Byline: Shane Scott
Paddling roughly 60 hours in a matter of seven days is a lot like playing a chess match. The task is a mental game. With little room for rest and recovery, each decision made must be fast and accurate.
Such is the philosophy of a man who has switched his “day job” from shooting down 5-foot slabs of fiery hot lead explosives from a 16-ton off-road vehicle, to stand-up paddleboarding, having recently completed a seven-day, 220-mile solo paddle through the five inner Channel Islands.
The blood and sweat that Schmidt put into his paddling went directly to raising money for the Wounded Warriors Project, a foundation dedicated to aiding veteran soldiers in their transition back into society.
“The mind wants to give up long before the body,” explained Will Schmidt, a veteran Marine who served five years as a stinger missile gunner. “You really have to practice disassociation to be able to overcome it.”
And that’s exactly what Schmidt did, as he paddled from Channel Islands Harbor to Anacapa Island, to Santa Cruz Island, to Santa Barbara Island, to Cat Harbor, to San Clemente Island, and to Avalon, before paddling into Dana Point Harbor — on an almost-all-liquid diet.
“In an anabolic physical state, solid foods aren’t always a good choice, so I had to learn to accept my nutrition through pills and powders,” Schmidt said. Despite his stomach feeling empty, the veteran was able to get the proper nutrients he needed — and in just the right quantities.
Whenever he was out of breath — and battling 20 knot headwinds through a 16-mile channel — Schmidt repeated something to himself that he used to have yelled at him in the Marine Corps. “This is what you asked for!”
At night, Schmidt slept on his support crew’s 34-foot Catalina sailboat, Campbell’s Sloop, where he was rewarded with a few hot meals throughout the voyage.
There were also a few live obstacles in his way. “I got hit in the butt by a flying fish in the middle of the night on the northwest side of Catalina Island,” Schmidt recalled. “A dolphin stampede crossed right through our path at one point.” He also crossed paths with sunfish, sea lions, elephant seals, bat rays and pilot whales.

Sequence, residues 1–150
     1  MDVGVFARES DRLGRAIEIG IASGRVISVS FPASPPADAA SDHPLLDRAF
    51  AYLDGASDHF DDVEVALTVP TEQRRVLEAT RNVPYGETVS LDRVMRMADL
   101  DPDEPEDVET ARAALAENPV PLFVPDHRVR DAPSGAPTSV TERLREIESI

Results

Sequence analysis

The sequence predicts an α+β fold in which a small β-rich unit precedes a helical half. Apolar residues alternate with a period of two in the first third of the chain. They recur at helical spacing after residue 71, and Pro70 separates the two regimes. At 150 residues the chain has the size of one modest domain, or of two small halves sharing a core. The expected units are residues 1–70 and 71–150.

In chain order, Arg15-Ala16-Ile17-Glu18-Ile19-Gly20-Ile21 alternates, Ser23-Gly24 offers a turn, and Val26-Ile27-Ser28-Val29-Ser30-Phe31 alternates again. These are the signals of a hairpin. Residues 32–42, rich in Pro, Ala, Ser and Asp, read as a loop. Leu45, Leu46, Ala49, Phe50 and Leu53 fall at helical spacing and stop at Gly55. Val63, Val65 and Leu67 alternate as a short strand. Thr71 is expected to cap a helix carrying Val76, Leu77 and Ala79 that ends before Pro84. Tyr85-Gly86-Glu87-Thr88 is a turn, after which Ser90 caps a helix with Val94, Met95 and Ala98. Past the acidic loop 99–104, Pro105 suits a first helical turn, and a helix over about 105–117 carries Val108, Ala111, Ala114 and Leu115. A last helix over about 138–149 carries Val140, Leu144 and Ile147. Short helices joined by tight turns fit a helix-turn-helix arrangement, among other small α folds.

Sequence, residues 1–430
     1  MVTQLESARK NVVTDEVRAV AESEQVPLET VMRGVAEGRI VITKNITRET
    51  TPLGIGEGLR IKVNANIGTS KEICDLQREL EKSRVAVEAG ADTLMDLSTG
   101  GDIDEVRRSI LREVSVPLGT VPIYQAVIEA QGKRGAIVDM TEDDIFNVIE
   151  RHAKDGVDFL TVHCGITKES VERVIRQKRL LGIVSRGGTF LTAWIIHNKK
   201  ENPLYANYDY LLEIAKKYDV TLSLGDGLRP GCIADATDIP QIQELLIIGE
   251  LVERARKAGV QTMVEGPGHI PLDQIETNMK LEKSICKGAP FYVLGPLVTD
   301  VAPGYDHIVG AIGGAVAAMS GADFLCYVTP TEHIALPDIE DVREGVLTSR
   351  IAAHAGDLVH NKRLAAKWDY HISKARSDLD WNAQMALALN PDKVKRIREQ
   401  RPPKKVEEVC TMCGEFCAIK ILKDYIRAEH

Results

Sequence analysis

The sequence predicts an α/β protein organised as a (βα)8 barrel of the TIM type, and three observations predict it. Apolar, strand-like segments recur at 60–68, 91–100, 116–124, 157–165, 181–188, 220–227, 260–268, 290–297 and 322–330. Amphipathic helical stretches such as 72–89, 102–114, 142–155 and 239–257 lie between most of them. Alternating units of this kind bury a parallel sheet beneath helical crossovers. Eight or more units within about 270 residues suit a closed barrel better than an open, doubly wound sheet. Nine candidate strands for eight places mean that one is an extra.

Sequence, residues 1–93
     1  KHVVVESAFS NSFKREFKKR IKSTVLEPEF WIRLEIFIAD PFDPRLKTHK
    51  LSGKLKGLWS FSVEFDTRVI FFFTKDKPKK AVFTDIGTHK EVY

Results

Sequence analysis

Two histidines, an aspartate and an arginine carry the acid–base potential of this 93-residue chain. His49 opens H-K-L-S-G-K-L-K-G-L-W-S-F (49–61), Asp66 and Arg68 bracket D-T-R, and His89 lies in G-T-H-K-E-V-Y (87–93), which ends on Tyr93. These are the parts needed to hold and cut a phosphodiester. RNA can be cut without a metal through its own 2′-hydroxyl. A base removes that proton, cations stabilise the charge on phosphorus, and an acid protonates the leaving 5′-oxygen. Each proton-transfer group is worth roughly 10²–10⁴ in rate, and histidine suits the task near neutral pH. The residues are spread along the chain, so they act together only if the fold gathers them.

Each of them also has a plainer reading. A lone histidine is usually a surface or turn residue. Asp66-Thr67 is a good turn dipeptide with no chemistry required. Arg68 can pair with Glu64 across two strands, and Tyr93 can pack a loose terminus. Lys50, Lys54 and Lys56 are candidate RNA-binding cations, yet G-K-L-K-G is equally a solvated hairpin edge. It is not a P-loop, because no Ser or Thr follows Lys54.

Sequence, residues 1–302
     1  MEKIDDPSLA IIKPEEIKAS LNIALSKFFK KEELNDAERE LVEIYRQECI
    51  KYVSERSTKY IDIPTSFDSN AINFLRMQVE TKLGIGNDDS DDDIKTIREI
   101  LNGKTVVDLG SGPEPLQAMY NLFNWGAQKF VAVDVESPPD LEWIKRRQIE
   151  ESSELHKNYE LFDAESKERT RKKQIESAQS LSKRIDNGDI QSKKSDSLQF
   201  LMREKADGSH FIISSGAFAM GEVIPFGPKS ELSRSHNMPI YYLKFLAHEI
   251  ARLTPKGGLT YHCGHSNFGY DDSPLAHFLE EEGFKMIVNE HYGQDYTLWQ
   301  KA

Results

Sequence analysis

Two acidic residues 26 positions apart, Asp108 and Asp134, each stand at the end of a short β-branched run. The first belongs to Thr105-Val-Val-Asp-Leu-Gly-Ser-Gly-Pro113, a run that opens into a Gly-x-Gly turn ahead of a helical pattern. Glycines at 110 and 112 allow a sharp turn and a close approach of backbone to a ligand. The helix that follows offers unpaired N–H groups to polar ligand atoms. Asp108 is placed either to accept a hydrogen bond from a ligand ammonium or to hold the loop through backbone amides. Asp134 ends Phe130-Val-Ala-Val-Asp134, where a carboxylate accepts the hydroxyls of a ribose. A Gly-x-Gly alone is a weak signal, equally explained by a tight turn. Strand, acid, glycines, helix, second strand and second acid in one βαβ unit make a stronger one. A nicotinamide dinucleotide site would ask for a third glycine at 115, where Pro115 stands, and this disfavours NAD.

Eventually, the veteran ended up on San Clemente Island, a restricted naval weapons station. “We were given exclusive permission by the Fleet Command to use the Northwest Anchorage overnight,” Schmidt said. “We even had a Navy destroyer patrolling the island, who was chatting up my captain on her VHF while I made my approach.”
Schmidt said he got away with collecting a tiny souvenir bag of sand on the island’s shore before taking off, which he credits to his “good ol’ Marine Corps’ charm.”
Altogether, five stand-up paddleboard records were set on the trip, Schmidt said. He became the first person to stand-up paddle the five inner Channel Islands from shore to shore, the first person to paddle the Catalina Channel lengthwise twice, and he laid claim to the most miles paddled in the Channel Islands — beating the previous record held by Karen Wrenn at 150 miles. He, unexpectedly, set a record Catalina Channel crossing time for a 14-foot solo effort — and the all-time solo SUP record — at 7 days, 47 hours, 33 minutes.
Proceeds from Schmidt’s fundraiser will be donated to the Wounded Warrior Project, to aid returning veterans suffering from anxiety, depression and post-traumatic stress disorder with research. Proceeds will also go to support the Casa Hogar orphanage in Mexico.
For more information, or to make a contribution, visit areyouinspiredyet.com.